1 Unit 1: Limits and Continuity 1.1 Introducing Calculus: Can Change Occur at an Instant? 2 1.2 Defining Limits and Using Limit Notation 5 1.3 Estimating Limit Values from Graphs 7 1.4 Estimating Limit Values from Tables 11 1.5 Determining Limits Using Algebraic Properties of Limits 14 1.6 Determining Limits Using Algebraic Manipulation 18 1.7 Selecting Procedures for Determining Limits 25 1.8 Determining Limits Using the Squeeze Theorem 28 1.9 Connecting Multiple Representations of Limits 32 1.10 Exploring Types of Discontinuities 34 1.11 Defining Continuity at a Point 38 1.12 Confirming Continuity over an Interval 40 1.13 Removing Discontinuities 43 1.14 Connecting Infinite Limits and Vertical Asymptotes 46 1.15 Connecting Limits at Infinity and Horizontal Asymptotes 51 1.16 Working with the Intermediate Value Theorem (IVT) 57

Unit 1: Limits and Continuity 2 Topic 1.1 Introducing Calculus: Can Change Occur at an Instant? Limits Calculus depends on the concept of a limit, which is the process of getting arbitrarily close to a point without reaching that point. A limit examines the behavior of a function as the dependent variable x gets very close to a value c. If the function approaches a particular value L as x approaches c, then the limit equals L. An important concept in calculus involves using a limit to examine the behavior of the average rate of change of a function over an interval as the interval gets smaller and smaller. Average Rate of Change The average rate of change (AROC) of a function over an interval is the average amount that the function changes over the length of the interval. It is given by the total change in the function divided by the total change in the interval. For a function f(x), the AROC over [a, b] is given by =, which also gives the slope of the secant line between the points (a, f(a)) and (b, f(b)).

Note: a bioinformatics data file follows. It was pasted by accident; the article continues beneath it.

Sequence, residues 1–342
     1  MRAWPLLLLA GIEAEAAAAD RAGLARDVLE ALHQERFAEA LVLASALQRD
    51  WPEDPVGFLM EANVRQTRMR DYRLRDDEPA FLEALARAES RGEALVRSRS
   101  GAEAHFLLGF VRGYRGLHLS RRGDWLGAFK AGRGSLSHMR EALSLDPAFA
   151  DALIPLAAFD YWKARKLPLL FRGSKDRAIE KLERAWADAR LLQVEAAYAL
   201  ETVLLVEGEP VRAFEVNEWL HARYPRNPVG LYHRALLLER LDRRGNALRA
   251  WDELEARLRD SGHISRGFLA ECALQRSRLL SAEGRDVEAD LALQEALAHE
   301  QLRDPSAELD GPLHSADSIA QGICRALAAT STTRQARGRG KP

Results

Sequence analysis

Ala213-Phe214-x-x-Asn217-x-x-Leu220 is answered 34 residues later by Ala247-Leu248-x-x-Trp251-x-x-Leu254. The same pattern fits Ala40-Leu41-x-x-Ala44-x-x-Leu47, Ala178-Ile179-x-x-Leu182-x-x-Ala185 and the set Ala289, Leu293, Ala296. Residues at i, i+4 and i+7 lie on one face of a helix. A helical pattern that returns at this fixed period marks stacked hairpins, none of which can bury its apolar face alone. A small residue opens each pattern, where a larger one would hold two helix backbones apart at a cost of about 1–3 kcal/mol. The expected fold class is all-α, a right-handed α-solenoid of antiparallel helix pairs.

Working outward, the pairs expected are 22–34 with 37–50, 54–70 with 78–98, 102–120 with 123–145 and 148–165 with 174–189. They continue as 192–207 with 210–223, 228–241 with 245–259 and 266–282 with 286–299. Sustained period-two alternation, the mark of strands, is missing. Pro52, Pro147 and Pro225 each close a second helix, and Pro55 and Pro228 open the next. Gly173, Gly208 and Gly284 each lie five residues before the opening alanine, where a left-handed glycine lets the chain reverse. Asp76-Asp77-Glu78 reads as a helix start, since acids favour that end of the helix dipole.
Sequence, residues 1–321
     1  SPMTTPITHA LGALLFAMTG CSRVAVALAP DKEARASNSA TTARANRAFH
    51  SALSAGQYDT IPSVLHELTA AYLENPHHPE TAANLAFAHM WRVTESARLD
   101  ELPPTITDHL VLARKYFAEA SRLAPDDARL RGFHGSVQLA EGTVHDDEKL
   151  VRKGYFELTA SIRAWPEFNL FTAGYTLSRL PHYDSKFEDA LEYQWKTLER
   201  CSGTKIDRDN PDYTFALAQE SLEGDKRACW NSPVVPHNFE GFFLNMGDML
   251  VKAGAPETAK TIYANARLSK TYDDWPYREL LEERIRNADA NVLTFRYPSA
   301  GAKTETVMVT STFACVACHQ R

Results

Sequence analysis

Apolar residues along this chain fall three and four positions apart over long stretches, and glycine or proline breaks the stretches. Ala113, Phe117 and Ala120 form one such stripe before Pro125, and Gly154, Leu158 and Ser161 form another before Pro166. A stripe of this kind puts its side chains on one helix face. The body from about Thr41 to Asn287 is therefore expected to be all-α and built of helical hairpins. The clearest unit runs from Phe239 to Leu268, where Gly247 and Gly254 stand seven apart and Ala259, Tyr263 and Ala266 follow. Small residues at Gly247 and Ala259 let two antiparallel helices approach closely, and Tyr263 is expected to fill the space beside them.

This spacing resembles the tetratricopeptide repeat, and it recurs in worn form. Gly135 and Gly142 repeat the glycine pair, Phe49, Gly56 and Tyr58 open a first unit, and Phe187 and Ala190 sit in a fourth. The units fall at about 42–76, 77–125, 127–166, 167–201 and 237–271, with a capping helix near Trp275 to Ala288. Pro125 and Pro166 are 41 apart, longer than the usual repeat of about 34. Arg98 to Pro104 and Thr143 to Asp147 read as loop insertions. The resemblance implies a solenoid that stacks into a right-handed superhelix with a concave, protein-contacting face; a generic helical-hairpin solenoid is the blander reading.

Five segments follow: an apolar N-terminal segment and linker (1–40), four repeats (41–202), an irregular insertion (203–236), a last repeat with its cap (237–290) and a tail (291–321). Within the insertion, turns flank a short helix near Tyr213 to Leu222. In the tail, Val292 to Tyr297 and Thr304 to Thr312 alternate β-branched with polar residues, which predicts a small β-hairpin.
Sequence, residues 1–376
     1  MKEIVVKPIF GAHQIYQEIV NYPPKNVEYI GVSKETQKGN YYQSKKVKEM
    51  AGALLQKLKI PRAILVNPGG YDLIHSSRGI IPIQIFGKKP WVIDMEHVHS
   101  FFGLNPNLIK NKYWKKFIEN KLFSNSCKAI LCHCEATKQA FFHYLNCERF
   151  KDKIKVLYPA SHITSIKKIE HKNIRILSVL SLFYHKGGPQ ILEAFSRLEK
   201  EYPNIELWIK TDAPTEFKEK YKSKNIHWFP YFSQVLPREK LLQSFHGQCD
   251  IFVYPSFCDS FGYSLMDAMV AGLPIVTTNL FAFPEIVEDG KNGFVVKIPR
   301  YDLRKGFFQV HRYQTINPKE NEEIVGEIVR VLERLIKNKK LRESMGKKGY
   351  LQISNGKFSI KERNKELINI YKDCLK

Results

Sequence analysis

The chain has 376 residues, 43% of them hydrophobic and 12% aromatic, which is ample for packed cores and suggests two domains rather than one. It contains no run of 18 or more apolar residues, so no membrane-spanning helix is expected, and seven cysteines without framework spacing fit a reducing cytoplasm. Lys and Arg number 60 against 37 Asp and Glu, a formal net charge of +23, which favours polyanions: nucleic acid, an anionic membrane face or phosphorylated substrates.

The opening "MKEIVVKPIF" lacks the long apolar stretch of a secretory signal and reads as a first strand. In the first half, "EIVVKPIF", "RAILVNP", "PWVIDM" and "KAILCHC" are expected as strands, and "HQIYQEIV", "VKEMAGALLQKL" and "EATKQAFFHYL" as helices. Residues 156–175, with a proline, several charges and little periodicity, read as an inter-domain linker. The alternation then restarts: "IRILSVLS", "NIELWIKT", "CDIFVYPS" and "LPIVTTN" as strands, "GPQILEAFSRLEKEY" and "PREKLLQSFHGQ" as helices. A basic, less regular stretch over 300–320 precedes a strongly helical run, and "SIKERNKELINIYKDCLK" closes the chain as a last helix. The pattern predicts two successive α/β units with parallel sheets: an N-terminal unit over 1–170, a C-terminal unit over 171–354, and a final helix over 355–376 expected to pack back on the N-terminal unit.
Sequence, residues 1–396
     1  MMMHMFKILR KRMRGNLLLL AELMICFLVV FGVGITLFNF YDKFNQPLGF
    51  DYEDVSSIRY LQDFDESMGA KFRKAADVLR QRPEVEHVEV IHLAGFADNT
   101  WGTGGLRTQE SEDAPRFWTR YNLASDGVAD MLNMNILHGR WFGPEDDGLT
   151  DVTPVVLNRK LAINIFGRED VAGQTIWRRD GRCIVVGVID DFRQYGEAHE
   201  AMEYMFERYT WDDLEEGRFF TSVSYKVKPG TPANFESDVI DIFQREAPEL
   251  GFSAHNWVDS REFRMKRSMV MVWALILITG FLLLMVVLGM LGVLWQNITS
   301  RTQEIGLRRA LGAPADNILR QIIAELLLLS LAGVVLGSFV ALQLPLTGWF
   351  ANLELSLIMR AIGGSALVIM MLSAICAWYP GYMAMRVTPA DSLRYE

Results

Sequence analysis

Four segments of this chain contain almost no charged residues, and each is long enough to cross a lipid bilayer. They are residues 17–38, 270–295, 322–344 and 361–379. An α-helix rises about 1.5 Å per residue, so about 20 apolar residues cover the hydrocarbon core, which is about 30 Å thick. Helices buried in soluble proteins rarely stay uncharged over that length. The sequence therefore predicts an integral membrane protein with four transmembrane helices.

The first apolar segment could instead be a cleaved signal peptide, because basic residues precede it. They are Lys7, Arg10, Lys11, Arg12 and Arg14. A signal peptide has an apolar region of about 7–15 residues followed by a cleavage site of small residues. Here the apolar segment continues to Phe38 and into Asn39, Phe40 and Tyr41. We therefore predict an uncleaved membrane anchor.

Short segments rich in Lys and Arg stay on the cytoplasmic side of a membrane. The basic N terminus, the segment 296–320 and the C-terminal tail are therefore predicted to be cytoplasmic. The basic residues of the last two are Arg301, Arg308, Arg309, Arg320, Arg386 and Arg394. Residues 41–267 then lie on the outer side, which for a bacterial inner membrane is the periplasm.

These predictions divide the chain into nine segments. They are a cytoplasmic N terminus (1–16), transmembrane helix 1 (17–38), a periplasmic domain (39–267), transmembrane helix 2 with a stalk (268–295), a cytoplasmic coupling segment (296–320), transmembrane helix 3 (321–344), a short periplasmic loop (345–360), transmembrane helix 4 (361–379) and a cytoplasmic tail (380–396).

Unit 1: Limits and Continuity 3 Instantaneous Rate of Change Consider a car that accelerates from 0 miles per hour to 30 miles per hour over an interval of time. The AROC in the car's position gives the average speed of the car during the interval. In contrast, the instantaneous rate of change (IROC) gives the exact speed of the car at a particular instant of time within the interval. The IROC at a particular instant c corresponds to the limit of the AROC as the endpoints of the interval [a, b] each approach c.

Unit 1: Limits and Continuity 4 1.1 Check for Understanding 1. What is the average rate of change in the function f(x) = x2 − 2x + 4 over the interval [1, 3] ? A. 2 B. 3 C. 4 D. 7 2. The graph of a function f is shown above. What is the average rate of change in f over the interval [0, 2] ? A. !" B. "! C. 2 D. 3

Unit 1: Limits and Continuity 5 Topic 1.2 Defining Limits and Using Limit Notation Limit Notation The limit of a function f as x approaches a value c is denoted as →(). This limit examines the behavior of f as x gets closer to c from both sides. If the function f approaches a particular value L as x approaches c, then →()= . Example The limit as x approaches 4 of √ is denoted as follows: The remaining topics in this unit discuss how to evaluate limits, which will provide the tools to find that lim$→%√= 2. The graph below shows how a limit can be expressed graphically. Note: The limit considers values of x close to 4 on both the left and right sides but does not include x = 4.

Unit 1: Limits and Continuity 6 1.2 Check for Understanding 1. As values of x get closer to 4, the values of a function h get closer to 1. Which of the following equations models this information? A. lim!(#)→& = 4 B. lim!(#)→' = 1 C. lim#→&ℎ()= 4 D. lim#→'ℎ()= 1 2. Which of the following sentences translates the equation →(− )= − ? A. As x approaches −2, 3x − 5 approaches 1. B. As x approaches 1, 3x − 5 approaches −2. C. As 3x − 5 approaches −2, x approaches 1. D. As 3x − 5 approaches 1, x approaches −2.